DH: Two events stand out: the team pursuit final and Roubaix. I love the concept of the team pursuit: two countries saying 'we'll line up our four fastest riders against your fastest, and it's a straight fight to see who crosses the line first. It's so multi-faceted, and it's the essence of sport.
I was DS'ing at Pays Basque this year, and I drove through the night to get to Compiegne [the start town of Roubaix]. I got in a 1am, and the next day I was zone-hopping [travelling from place to place en route while carrying replacement wheels etc] for Sky in the race. I love that it defies the norm of road racing; breaks don't last long, teams can't commit all their riders to closing the gaps down, and it's spectacular. The only thing missing this year was the rain!
CW: How much of a challenge will the new job be?
DH: I'm trying to impact on 20 Premier League clubs. It's going to be a long journey, but I'm one of those people who likes challenges. I don't want a job just to be a job. I don't like to standstill, I always want to prove myself. I've not left Sky because I was unhappy. I was looking forward to next season. I feel like I had gone from being an incompetent DS to being someone who could get the job done! I was hoping to become proficient in 2014 and keep progressing from there! I won't miss the four-and-a-half weeks on the road for a Grand Tour, mind you. I also worked out that I've spent over a year of my life in Majorca, too! But it's an amazing team, and I love what Dave, Rod [Ellingworth] and Tim [Kerrison] are doing. I think it's fantastic. They've helped throw the sport into the spotlight in the UK.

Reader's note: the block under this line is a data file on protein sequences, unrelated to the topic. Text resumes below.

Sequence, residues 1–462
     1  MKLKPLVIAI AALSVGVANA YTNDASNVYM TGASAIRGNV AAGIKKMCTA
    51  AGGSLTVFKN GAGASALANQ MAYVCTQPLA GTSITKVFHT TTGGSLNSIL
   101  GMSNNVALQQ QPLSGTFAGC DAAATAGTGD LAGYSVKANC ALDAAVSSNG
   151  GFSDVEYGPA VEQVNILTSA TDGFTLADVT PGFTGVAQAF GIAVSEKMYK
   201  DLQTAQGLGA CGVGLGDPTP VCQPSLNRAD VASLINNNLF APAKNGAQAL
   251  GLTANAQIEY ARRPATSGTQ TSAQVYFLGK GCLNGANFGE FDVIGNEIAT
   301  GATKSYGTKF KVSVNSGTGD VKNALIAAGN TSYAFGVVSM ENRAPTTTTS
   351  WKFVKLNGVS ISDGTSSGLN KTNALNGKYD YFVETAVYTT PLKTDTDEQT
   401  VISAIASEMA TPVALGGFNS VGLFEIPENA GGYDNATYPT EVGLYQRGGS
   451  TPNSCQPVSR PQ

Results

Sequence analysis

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Nick Bull is an NCTJ qualified journalist who has written for a range of titles, as well as being a freelance writer at Beat Media Group, which provides reports for the PA Media wire which is circulated to the likes of the BBC and Eurosport. His work at Cycling Weekly predominantly dealt with professional cycling, and he now holds a role as PR & Digital Manager at SweetSpot Group, which organises the Tour of Britain.